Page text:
Mindful Musings

Written By Gerald Levine MD

Prior musings have outlined a method of optimizing physical, mental and spiritual health by focusing on self-care and embracing the mindful attitudes of non-judgmental acceptance, patience, curiosity, trust, non-striving and letting go.

Relationships with family members are a common source of stress. We may be disappointed by certain behaviours and hold expectations that are often dashed. Close relatives can be experts at triggering our negative reactions. Anger, disappointment, guilt, shame and frustration are common. If we can apply mindful attitudes to these chronic stresses, we are likely to improve our relationships and well-being.

Read more: Mindful musings number 16

Prior musings have outlined a method of optimizing physical, mental and spiritual health by focusing on self-care and embracing the mindful attitudes of non-judgmental acceptance, patience, curiosity, trust, non-striving and letting go.

Mindfulness is becoming increasingly popular as a tool for well-being. After becoming familiar with mindful concepts, the challenge is to incorporate it into everyday life. Developing daily formal practice is one way of having mindfulness available to you when you need it the most. Formal practice may include breathing awareness meditation, body scan meditation or yoga. There are many guided meditations of various lengths available from the internet. The benefits of practice are well known, including clarity of thought, equanimity and resilience when faced with life’s inevitable stress waves. There are also many obstacles to achieving this. Common examples are not having the time, being interrupted, doubt about the benefits of formal practice and falling asleep when meditating.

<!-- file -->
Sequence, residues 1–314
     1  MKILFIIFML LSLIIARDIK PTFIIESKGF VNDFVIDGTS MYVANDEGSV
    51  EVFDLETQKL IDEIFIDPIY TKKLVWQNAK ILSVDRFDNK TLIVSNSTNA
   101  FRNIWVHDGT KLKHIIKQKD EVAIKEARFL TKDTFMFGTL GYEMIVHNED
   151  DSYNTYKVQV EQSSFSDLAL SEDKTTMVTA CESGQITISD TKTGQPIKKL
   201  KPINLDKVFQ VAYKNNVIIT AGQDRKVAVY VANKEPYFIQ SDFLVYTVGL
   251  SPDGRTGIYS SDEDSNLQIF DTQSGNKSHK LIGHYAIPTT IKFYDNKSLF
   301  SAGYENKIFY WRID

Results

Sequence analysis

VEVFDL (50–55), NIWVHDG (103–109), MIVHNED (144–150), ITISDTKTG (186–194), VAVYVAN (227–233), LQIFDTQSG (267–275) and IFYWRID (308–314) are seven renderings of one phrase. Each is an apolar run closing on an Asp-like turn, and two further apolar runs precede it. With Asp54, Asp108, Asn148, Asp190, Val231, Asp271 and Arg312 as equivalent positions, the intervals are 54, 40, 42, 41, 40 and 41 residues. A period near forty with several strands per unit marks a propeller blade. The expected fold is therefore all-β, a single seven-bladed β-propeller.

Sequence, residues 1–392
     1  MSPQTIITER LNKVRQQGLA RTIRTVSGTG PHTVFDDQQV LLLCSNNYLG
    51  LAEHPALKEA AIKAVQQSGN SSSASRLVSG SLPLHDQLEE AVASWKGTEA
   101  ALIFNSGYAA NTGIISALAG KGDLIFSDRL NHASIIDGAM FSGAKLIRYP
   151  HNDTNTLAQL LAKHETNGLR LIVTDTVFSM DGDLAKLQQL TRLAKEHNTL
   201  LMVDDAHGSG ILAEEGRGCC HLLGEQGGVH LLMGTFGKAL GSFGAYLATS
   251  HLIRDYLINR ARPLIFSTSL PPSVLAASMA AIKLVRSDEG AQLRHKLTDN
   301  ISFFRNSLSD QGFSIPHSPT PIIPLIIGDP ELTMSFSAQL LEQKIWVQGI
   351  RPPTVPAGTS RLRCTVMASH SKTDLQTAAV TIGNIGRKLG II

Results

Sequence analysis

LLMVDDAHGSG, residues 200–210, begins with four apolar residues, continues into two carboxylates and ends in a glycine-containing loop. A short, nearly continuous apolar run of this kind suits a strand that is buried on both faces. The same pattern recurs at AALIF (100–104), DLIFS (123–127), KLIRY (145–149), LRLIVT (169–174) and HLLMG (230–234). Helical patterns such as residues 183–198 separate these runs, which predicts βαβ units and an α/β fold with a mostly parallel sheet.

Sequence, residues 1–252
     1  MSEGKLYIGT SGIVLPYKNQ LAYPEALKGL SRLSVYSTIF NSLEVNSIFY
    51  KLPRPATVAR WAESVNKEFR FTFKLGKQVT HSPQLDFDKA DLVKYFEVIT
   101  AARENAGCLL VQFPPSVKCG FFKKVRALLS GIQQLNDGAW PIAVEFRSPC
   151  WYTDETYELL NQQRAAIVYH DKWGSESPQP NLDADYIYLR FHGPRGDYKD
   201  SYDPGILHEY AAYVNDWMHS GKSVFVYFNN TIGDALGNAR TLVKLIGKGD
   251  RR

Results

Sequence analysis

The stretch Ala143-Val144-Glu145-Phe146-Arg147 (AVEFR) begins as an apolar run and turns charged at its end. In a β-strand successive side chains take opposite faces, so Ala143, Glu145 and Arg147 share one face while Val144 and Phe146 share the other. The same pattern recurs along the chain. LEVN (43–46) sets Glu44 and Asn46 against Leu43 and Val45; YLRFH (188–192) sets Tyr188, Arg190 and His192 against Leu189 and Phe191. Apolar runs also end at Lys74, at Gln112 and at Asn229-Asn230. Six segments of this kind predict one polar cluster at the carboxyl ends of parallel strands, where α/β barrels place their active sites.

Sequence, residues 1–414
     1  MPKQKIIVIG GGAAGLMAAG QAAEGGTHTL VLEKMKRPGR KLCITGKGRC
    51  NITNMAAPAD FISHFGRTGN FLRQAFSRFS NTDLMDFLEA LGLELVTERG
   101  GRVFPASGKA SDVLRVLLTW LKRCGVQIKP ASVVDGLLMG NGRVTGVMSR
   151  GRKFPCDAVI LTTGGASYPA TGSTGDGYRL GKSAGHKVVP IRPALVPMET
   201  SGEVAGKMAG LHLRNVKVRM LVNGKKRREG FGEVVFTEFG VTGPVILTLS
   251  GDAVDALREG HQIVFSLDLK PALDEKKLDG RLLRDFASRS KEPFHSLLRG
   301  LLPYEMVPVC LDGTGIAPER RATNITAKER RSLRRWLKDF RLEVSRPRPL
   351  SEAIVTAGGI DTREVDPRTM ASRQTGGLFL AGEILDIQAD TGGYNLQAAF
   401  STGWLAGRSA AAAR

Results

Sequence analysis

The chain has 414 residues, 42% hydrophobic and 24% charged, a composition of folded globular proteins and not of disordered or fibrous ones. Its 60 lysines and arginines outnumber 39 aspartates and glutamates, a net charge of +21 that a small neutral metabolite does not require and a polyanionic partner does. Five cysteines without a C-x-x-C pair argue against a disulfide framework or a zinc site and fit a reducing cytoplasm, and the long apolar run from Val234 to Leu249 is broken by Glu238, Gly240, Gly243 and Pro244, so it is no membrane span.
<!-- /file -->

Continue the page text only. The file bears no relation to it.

Read more: Mindful musings number 17

Managing strong emotions.

Prior musings have outlined a method of optimizing physical, mental and spiritual health by focusing on self-care and embracing the mindful attitudes of non-judgmental acceptance, patience, curiosity, trust, non-striving and letting go.

This musing will focus on the management of strong emotions as an essential element for balanced well-being.

Many of us have been taught to avoid strong emotions, especially negative experiences such as anger, shame, guilt, embarassment and sadness. It is helpful to develop a healthier relationship with our emotions-to see them as useful messages rather than unwanted visitors that overwhelm us.

Read more: Mindful musings of Dr J - Number 18